Wednesday, July 15, 2009

More on Retailing

From David Rosenberg's AM comments today (Breakfast with Dave, Gluskin Sheff):

As for July, we are hearing that auto sales are soft and we see from the Redbook survey that chain store sales are down 5.7% YoY so far in July and -1.7% versus the June average — coming in well below plan. Moreover, here is what the Redbook had to say about the retail landscape so far this month:

“Department stores reported that customers were not responding to fashion and seasonal initiatives, most evidently in the key merchandise category of women’s ready-to-wear. The focus in July, as in the latter part of June, is on clearing seasonal stock. Sales performance was driven by discounting”. Maybe we’re missing something, but we fail to see from this assessment of the 70% chunk of GDP called the consumer would warrant an overweighting in equities over fixed-income in the asset mix. Oh yes, bond yields are low, but for a very good reason (maybe because nominal GDP growth is negative).

We should add here that the IBD/TIPP Economic Optimism Index, which was one of the early “green shoots” to surface back in the winter, dropped to 46.1 in July from 50.8 in June and augurs for a poor back-to-school retail sales season. We highlighted this yesterday — early surveys suggest that we could see a record 4-8% YoY decline this year.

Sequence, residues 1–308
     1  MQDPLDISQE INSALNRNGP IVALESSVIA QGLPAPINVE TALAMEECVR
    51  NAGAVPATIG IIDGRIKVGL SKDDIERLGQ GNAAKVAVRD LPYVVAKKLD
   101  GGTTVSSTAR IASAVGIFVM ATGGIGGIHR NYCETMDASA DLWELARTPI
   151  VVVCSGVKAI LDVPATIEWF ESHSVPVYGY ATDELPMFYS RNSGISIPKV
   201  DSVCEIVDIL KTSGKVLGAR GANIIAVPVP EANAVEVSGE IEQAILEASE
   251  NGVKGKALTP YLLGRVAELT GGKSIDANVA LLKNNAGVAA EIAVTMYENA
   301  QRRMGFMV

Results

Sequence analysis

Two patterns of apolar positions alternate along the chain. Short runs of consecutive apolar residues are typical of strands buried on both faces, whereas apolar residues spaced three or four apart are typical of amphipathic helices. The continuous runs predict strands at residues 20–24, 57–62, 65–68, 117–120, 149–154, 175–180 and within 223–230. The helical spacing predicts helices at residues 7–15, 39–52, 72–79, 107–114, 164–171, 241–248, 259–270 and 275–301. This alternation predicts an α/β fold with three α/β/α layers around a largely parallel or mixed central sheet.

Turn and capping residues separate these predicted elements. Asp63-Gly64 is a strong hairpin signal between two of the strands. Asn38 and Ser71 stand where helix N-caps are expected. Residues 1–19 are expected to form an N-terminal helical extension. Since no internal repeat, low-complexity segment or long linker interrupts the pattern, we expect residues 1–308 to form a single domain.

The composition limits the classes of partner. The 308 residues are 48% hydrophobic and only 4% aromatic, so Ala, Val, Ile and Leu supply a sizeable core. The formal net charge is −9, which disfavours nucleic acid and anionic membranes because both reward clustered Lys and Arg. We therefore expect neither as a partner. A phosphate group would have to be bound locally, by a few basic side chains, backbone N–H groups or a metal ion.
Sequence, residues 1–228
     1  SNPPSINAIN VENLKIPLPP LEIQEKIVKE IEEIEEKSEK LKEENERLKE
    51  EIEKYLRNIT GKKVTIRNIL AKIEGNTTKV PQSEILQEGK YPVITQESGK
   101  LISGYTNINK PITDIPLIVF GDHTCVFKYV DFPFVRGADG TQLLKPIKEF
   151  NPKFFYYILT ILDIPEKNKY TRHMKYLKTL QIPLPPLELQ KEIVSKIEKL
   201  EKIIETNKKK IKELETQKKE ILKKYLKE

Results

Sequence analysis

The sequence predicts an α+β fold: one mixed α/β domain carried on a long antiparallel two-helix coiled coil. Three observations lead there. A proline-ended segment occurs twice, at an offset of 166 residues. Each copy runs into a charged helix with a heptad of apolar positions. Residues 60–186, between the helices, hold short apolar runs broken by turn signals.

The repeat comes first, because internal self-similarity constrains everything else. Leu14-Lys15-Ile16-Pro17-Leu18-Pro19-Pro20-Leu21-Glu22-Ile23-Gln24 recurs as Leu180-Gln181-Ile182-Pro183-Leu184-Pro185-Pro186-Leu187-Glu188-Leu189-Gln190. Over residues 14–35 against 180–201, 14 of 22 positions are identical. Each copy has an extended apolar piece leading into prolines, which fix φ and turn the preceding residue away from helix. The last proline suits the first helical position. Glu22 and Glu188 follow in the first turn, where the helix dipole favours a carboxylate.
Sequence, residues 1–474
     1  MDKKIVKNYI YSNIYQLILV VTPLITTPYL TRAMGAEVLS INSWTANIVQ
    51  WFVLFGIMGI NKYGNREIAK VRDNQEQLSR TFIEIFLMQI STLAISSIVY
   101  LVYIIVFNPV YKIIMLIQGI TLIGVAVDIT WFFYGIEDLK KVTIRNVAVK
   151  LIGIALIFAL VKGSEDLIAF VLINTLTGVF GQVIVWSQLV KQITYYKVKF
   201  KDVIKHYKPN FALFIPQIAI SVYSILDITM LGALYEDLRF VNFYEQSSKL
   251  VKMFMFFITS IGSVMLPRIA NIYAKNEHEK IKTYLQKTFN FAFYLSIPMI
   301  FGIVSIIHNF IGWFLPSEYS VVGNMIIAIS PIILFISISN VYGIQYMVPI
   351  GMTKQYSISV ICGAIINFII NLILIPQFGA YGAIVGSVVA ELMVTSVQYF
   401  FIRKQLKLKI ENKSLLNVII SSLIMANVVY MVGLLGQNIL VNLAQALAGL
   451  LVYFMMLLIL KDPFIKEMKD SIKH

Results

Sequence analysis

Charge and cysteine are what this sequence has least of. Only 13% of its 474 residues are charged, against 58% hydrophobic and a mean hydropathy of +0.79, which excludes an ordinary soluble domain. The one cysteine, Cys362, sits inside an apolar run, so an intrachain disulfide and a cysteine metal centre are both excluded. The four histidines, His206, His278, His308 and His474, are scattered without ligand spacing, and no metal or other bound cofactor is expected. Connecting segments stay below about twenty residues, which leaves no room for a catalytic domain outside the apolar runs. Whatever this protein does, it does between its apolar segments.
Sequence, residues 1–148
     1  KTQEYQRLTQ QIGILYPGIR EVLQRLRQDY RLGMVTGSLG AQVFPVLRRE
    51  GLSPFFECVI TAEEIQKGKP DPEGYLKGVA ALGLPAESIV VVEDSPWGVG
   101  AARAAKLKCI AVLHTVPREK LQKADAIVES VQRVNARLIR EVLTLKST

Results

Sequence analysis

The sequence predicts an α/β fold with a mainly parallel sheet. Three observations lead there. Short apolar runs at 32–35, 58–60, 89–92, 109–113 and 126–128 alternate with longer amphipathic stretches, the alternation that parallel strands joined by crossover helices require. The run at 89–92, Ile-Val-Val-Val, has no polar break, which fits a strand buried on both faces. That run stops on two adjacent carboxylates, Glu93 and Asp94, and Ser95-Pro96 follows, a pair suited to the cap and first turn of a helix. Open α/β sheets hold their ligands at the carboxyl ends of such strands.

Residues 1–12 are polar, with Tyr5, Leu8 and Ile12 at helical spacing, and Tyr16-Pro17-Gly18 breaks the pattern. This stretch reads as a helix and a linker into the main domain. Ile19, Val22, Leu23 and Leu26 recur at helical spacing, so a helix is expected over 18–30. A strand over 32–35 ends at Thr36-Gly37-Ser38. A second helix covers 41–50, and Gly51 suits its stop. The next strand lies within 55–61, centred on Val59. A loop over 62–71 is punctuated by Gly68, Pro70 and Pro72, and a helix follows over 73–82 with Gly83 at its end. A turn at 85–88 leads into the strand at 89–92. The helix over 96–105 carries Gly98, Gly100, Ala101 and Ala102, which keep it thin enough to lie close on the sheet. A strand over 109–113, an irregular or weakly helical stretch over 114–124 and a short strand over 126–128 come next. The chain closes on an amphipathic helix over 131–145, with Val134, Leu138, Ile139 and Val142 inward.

DoctoRx here. Repeating Redbook: "Sales performance was driven by discounting." And per the first paragraph above, July sales are miserable and worse than June. So much for the BLS claiming that apparel prices have been rising. BLS is wrong: weighted for actual sales mix, they have been falling, and probably falling hard.

This comports with what my contacts in the business community are saying, which is that business turned down in the past 6 weeks.

This is not to say that things won't turn up again, but one wonders about the quality of an upturn if it is due to Government transfer payments or one-offs such as repaving roadway (which may or may not have needed repaving).

Maybe it's time for Americans to turn more European, meaning work less hard. At the least, it would be good if the Government and the financial players were not so aggressive about the abstraction known as the "economy". Just maybe the country would net be better off with more rest and leisure time, less debt, smaller homes, less gasoline burned, and less food consumed. For sure, Mother Earth would appreciate it!

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